Citing an increase in foot traffic in downtown Frederick, a group of residents asked the city this week to update the city’s code on businesses operating sidewalk cafes.
While the current code states that businesses must leave 5 feet for pedestrian traffic in accordance with the Americans with Disabilities Act, the first and primary request of the residents of Neighborhood Advisory Council 11, which encompasses downtown, was for the city to limit the sidewalk space a business can use for outdoor seating and eating to no more than half of the sidewalk. The argument was that some businesses where the sidewalks are especially wide have created bottlenecks by being allowed to swallow up the majority of the walking space for their cafe areas.
“Sometimes [this forces] people to wait their turn to pass on a busy sidewalk, and also to step in the street and walk in the street to go around the cafe enclosure,” said Darcy Richards, a NAC 11 co-chair, who noted that the width of sidewalks varies between 11 and 19 feet from the facade of the building to the street. “... Where Vini Culture is, I think the sidewalk is 14 to 15 feet wide, people walk more abreast, come down the sidewalk, you know, in packs, and when they reach an obstruction that takes over half the sidewalk, sometimes people have to wait their turn to pass on a 14- or 15-foot sidewalk.”
According to the advisory council’s study, which was made available to Mayor Michael O’Connor and the Board of Aldermen, at least five of the downtown businesses with sidewalk cafes took up more than 50 percent of the sidewalk space, which the NAC residents argued creates a potential public safety hazard if pedestrians tried to walk around congested areas by stepping into the street.
“This is not an overwhelming request,” said Julia Schaeffer, another NAC co-chair.
Schaeffer’s optimism was soon tempered, however, by the voices of business owners who also attended Wednesday’s workshop in City Hall. Many of those speaking for the business community, including Bryan Nuckols, argued that further restrictions would cut into their profit margins and, in some scenarios, force staff cuts.
Nuckols, who spoke on behalf of Cafe Nola, pointed out that, besides wasting the $4,000 that the cafe paid for the enclosure of its outdoor area, reducing the space by 6 inches or a foot to meet the 50 percent request by residents would make it next to impossible to serve patrons sitting outside the cafe.
“It would probably eventually lead us to remove our cafe, losing three of our tables out of the 18 would cut our profits about 15 percent in the summer,” Nuckols told the board in a public comment period after the NAC’s presentation. “... Before even evaluating the loss of sales from the loss of exposure, we’re definitely going to have to fire people ... we’re going to have to fire at least three people.”
Cherie Nearman, who owns Hootch & Banter with her husband, Sherif Salem, also protested further restrictions to the sidewalk cafe ordinance, arguing that the patio has increased their restaurant’s total seating area by 20 percent.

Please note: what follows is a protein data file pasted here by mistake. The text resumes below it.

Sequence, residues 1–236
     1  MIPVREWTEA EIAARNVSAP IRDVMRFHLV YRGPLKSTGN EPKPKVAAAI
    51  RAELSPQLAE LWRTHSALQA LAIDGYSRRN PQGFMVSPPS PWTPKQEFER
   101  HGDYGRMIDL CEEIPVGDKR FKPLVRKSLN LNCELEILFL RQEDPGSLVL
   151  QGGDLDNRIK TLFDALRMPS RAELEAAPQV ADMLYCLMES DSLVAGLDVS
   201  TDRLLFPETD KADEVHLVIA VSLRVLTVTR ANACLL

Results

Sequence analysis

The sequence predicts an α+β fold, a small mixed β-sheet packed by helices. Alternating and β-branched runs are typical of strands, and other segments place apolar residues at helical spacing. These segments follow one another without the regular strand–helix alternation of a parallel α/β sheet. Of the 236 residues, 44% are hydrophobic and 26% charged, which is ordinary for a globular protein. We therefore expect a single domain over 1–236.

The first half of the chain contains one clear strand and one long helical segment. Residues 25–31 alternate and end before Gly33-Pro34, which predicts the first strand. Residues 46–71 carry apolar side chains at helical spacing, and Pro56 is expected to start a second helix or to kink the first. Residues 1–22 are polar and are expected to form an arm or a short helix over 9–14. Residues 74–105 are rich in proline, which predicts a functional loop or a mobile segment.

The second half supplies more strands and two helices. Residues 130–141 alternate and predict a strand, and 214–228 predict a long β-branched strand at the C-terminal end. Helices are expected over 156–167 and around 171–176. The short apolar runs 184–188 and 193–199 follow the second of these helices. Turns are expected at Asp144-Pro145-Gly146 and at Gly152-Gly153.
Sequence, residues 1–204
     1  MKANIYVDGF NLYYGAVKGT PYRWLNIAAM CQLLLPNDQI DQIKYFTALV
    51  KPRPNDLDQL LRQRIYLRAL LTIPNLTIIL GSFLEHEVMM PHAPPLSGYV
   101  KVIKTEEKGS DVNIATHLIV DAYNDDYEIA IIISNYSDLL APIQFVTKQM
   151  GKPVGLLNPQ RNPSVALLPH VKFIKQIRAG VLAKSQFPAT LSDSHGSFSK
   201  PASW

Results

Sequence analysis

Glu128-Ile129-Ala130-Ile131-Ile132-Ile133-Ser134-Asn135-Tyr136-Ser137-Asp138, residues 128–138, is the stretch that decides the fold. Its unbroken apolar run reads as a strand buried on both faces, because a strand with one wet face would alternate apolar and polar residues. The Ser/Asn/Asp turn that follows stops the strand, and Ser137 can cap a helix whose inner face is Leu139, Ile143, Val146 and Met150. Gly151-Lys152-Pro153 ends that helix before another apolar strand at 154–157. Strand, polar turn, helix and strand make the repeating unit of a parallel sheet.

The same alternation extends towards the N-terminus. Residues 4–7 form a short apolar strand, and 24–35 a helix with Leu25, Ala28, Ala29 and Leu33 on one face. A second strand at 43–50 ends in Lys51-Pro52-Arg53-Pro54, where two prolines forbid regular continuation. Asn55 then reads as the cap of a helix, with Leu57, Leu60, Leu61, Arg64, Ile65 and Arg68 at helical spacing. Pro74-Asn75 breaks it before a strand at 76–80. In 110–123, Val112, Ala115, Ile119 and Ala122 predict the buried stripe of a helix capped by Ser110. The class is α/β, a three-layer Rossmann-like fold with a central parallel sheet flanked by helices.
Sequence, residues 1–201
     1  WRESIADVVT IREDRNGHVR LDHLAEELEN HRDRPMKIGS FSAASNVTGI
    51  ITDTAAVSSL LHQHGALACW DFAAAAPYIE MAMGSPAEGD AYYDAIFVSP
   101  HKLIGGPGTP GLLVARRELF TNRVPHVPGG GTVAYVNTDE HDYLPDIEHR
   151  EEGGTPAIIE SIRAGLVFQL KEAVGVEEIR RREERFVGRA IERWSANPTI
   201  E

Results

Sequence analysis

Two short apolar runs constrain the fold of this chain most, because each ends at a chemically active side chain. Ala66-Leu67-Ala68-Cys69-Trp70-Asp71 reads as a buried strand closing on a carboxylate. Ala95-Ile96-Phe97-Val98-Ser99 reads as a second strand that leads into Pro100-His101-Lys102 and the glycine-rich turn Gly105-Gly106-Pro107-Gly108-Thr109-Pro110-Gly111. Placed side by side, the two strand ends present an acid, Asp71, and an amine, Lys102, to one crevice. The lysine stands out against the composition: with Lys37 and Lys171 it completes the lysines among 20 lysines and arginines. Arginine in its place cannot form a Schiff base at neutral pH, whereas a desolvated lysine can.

“Losing our patio, we would lose a server, we would lose a [busboy], we would lose one or two kitchen people because a lot of our business is on the patio, it’s busy all day long, people love it. ... Every year, the sales tax we generate from the patio is around $15,000,” Nearman said.
The rest of the public comment section seemed fairly evenly divided between those in favor of keeping the ordinance as it is and those who cited concerns about increasingly crowded sidewalks around some of the businesses.
While the majority of the aldermen were in favor of continuing the discussion at a future public workshop, Alderman Ben MacShane expressed skepticism regarding the magnitude of the problem depicted in the NAC report. He recounted his own experience pushing a double-wide stroller downtown earlier that day.
“I was pushing them along today, about five hours ago, and we passed by The Orchard, we passed by Nola, we passed by JoJo’s, we passed by a number of businesses that had enclosed seating areas [and] I did not experience any problems,” MacShane said, pointing out that of the nearly 20 locations mentioned in the report, only a handful exceeded the NAC’s proposed 50 percent cutoff by more than a few inches. “... We’re talking about perhaps three locations in the entirety of downtown that, to some, are causing problems, yet [the locations] are in compliance with the code.”
On the other end of the spectrum, Alderwoman Donna Kuzemchak said she still believed there was a need to discuss the proposed changes further, citing her own experiences navigating some sidewalks while pushing a wheelchair.
“How wide is the table that you’re sitting at?” Kuzemchak asked her fellow aldermen. “About 6 feet, do you think? So think about 5 feet and whether you’re walking side by side with somebody and how wide that is. I think there are some questions. ... Do I think there are still problems? Yes.”
The topic will return before the mayor and aldermen at an as-yet unscheduled future workshop, according to O’Connor, who said he planned to invite city staff to participate in the next discussion in order to get better answers regarding sidewalk measurements and the city’s code.